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Why We Write

Why We Write Contributors: Rebecca Holohan and Adeeba Rana To help students feel comfortable with and excited about writing; to set the tone in a new classroom. Optional Free Write Topic: No free write on the first day; free writes will be explained at the end of this class.

Name Game and Discussions

CAUTION

If it’s the beginning of the school year, play the Name Game: Get everyone in a circle. Say your name and do a funny gesture with it—e.g., a jumping jack or a disco move. Ask the person to your right to say your name and do your gesture, and then add their own name and gesture. Continue all the way around this circle. For instance, let’s say I yell ‘Catherine!’ and do a jumping jack. The next person would then have to yell ‘Catherine,’ do my jumping jack, and then add a move of their own. So we’ll assume Stephen does a fist pump. Then Person 3 would have to yell ‘Catherine!’ while doing a jumping jack, yell ‘Stephen!’ while doing a fist pump, and then add a new move to the mix. And so on and so forth until we make it around the circle. Note: If you think the students might find the name game lame (older kids often do), then just have them introduce themselves and answer a funny question or two like, “If you could be any age, how old would you be and why?” (I love that question. Answers range from the hilarious—“I’d be 97, so I could say anything I wanted!”—to the very sad—“I wish I were still in the womb.”) Clearing the Air: An Honest Discussion After playing the name game with your students, lead a discussion about the experiences students have had with writing.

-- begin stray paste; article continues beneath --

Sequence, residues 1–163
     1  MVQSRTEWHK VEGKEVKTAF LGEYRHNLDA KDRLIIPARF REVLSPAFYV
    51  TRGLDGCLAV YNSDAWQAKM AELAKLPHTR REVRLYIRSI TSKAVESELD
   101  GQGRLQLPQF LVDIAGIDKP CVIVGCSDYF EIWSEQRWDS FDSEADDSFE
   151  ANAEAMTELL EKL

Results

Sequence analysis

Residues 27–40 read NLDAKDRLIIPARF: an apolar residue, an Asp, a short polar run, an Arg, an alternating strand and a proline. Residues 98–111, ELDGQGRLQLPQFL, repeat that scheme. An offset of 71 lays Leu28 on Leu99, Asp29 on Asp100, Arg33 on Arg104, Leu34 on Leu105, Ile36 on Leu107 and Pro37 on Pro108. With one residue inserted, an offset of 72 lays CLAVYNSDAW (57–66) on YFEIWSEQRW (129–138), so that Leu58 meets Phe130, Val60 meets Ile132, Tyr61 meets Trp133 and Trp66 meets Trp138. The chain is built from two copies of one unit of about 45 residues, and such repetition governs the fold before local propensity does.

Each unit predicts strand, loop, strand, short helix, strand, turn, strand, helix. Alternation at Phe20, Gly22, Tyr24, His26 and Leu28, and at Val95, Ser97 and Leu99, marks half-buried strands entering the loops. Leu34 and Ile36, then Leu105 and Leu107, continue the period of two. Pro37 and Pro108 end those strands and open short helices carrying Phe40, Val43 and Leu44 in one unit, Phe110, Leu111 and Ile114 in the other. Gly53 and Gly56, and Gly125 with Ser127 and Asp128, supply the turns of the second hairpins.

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Step One: Go around the room and ask students to list bad experiences they have had with writing. Allow them to vent about how frustrating it can be when teachers use writing as punishment, for example.

Step Two: Encourage students to think of times they have enjoyed writing—maybe writing a note to a

friend or coming up with a unique MySpace profile—and discuss those experiences. What makes these things fun? What makes us like writing?

Step Three: Explain that these workshops are designed to be fun writing they want to do. Be sure to

mention that you won’t be grading these particular assignments based on grammar or spelling; this helps them participate more freely.

Step Four: Make a list of topics together that the students are interested in writing about, and use this to guide you as you select lessons and readings later on.

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The Cure for IDK  

The Cure for IDK isn't a typical lesson book. It is frank, funny, and full of lessons that are simultaneously entertaining and challenging....

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